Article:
Star Trek (the original series) was quite a progressive take on the future for a show filmed in a generation that wasn't as open minded as their future kin from a star date far, far away. In fact, Star Trek had an incredible cultural impact and many things people find common today actually originated on the classic sci-fi series.
Why is Star Trek so popular? That's not a rhetorical question, we actually have the answer: accessibility. Despite its reputation as nerd fodder, the original show was actually a tightly paced, archetypal, and cool exploration of a possible future of the human race.Creator Gene Roddenberry was a visionary, and many of his predictions and ideas actually came true. What common place ideas and inventions that have changed the world came from Star Trek? Read through the list below to find out.
It’s no secret that miscegenation (interracial marriage) was kind of a big deal in the United States until very recently - as in, it was totally illegal for people of different races to marry until 1967. That's why it's so shocking to learn that just one year after the Supreme Court decision, the Star Trek episode "Plato's Stepchildren" featured the first ever interracial kiss on scripted TV in the US. It was so controversial, even on the set, that they had to shoot it twice - once where William Shatner (Kirk) and Nichelle Nichols (Uhura) kissed, and once where they didn't. But Shatner intentionally ruined the shot where they didn’t kiss, forcing the studio to use the other one.
So what, right? It's not like the Star Trek cast was standing with the national guard outside Little Rock High School.
But then again, consider that this was the last great step forward for interracial relationships in media. After that episode aired and the planet wasn’t immediately consumed by whatever apocalypse the detractors assumed would consume it, the cabal of ancient immortals that run network TV figured "okay, so we can have white dudes boning black chicks - but that's it." Forty five years later, and it's okay to have, say, Bob Thorton sleep with Halley Berry, but studio executives still think the country is terrified of black men and white women getting "intimate."
Keep in mind, Uhura wasn’t a one-off character - she was a major part of the cast and a ranking officer in Star Fleet. So, not only did Star Trek take a big step forward, but it’s still probably one the biggest steps any show or film has taken since.There's also the little fact that Nichelle Nichols considered quitting the show at one point, because being the only black actor on a huge show in the 1960s totally sucked. She decided to stay when Martin Luther King, Jr., a man you don't exactly say "no" to, personally asked her to stay on the show, because she was such a good role model for young black girls - including Whoopi Goldberg, who cited Nichelle as her inspiration to get into acting.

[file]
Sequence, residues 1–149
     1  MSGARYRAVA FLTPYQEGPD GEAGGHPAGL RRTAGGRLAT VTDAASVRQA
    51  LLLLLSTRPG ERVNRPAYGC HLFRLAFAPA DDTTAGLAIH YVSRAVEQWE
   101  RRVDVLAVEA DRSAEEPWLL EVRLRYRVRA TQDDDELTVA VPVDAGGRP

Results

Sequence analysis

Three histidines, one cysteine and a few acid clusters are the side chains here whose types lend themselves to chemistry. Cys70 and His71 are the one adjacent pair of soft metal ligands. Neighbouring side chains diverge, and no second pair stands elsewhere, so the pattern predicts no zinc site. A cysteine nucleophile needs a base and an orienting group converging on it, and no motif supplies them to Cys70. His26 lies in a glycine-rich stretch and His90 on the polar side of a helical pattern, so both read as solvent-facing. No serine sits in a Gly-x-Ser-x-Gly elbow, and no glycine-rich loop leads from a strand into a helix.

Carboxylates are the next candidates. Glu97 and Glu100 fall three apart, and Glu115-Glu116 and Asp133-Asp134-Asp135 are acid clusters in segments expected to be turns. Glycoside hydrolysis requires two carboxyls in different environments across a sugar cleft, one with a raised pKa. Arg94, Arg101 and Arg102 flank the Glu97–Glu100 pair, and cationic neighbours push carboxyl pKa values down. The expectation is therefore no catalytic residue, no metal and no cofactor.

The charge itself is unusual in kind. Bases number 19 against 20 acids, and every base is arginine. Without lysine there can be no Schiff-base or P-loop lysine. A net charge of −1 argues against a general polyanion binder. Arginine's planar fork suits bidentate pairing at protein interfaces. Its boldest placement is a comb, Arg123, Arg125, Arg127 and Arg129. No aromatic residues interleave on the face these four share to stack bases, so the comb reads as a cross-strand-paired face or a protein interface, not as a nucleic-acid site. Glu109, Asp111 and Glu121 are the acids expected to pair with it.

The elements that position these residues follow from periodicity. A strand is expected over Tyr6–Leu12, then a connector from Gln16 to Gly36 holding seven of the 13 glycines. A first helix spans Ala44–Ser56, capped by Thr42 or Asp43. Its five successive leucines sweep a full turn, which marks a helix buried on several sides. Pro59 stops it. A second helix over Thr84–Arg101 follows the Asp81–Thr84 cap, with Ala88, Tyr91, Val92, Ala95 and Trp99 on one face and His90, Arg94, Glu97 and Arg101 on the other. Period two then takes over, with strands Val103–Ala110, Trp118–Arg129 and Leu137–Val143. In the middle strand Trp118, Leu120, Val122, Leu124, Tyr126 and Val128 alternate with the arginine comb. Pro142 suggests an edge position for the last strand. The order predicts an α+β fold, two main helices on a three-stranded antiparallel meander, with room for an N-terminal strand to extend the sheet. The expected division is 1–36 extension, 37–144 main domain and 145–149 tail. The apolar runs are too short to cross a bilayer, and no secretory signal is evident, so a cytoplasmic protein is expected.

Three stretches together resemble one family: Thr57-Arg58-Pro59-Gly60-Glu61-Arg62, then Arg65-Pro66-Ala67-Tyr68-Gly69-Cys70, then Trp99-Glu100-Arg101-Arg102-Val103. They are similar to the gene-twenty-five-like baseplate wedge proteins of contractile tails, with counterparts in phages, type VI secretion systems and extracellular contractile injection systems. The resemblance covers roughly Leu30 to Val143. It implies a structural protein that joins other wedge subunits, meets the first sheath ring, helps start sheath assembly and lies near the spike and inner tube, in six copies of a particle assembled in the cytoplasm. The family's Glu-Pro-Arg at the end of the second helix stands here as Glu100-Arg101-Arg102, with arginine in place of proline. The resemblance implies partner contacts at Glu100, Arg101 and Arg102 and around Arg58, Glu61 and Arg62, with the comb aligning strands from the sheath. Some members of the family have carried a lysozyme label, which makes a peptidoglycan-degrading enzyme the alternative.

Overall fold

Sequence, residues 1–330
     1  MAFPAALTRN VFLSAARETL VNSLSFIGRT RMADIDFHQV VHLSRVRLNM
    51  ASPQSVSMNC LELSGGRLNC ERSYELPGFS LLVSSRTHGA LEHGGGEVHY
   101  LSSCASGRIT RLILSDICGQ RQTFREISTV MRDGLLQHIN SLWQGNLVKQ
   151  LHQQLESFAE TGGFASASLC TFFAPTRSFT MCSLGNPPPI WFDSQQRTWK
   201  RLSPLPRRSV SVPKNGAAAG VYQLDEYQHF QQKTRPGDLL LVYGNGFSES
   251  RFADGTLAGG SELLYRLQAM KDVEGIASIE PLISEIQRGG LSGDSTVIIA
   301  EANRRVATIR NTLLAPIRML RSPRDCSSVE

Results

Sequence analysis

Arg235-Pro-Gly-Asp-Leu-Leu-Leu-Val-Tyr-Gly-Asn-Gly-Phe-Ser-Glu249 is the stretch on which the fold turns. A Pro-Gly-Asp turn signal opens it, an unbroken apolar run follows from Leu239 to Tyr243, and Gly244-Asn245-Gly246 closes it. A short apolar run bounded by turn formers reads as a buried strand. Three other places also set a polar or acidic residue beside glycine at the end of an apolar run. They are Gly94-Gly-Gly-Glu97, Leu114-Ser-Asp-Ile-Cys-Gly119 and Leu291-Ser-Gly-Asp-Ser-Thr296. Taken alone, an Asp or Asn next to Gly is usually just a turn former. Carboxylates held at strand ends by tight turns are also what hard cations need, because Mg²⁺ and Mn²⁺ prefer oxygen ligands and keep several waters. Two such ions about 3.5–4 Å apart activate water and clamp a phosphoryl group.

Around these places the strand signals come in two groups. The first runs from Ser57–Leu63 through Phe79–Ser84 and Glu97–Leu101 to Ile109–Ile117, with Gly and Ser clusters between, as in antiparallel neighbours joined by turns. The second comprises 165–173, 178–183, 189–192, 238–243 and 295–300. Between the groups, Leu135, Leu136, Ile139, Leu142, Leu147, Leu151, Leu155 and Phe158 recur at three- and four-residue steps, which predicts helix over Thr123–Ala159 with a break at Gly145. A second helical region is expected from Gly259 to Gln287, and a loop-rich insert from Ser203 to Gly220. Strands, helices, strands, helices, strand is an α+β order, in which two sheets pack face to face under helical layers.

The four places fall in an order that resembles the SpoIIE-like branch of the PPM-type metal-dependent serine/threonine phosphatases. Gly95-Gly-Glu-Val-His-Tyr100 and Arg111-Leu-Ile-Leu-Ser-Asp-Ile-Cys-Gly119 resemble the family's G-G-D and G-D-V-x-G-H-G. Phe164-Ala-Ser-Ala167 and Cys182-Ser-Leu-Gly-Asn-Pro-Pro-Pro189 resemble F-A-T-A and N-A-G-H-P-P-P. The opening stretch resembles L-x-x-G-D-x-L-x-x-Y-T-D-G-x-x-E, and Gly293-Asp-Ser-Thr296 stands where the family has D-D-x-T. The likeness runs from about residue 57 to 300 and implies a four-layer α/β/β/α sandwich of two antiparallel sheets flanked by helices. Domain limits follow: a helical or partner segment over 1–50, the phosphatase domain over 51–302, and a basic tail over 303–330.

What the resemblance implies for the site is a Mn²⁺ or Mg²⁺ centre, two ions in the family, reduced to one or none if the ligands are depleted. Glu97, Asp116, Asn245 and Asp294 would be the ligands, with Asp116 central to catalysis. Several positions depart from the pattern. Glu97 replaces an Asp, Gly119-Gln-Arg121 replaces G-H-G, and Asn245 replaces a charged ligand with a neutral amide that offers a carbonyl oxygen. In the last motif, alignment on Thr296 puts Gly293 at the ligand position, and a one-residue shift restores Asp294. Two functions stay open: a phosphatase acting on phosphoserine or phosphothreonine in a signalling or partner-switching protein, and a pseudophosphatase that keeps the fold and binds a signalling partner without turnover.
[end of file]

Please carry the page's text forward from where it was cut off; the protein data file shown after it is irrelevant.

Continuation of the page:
Science fiction makes predictions about the future all the time, but it's more rare for the future to consciously look at science fiction and say "let's do that." But with Star Trek, that's exactly what happened. Twice.
A lot of people know that the flip-phone was actually invented by Star Trek, but if you're not among them then… hey, the flip phone was invented by Star Trek! Dr. Martin Cooper, inventor of the mobile phone, says that watching Captain Kirk yammer away on his communicator gave him the idea for a mobile phone, and later generations of "flip phones" imitated the iconic design.
Also, the groundbreaking media program "Quicktime" was invented when Steve Perlman, a scientist at Apple, was watching an episode of Star Trek Generations in which a character listens to multiple tracks of music at once.Star Trek also invented the idea of a computer that was user-friendly, so it should come as no surprise that the first ever personal computer, the Altair 880, was named after a solar system from the Star Trek universe.
Star Trek pre-dates Dungeons and Dragons. It predates video games. It predates superhero comic readers as a niche group. Star Trek nerds were the first major nerd subculture, meaning that every contemporary nerd subculture is taking its cues from the Trekkies. An iconic moment in this history has got to be when Leonard Nimoy received death threats after his character, Spock, died in The Wrath of Khan.As we all know, this "if an artist I like does something I don't like I can become angry" philosophy is now the trend, most recently exemplified by people attacking BioWare for writing the "wrong" ending for their Mass Effect franchise.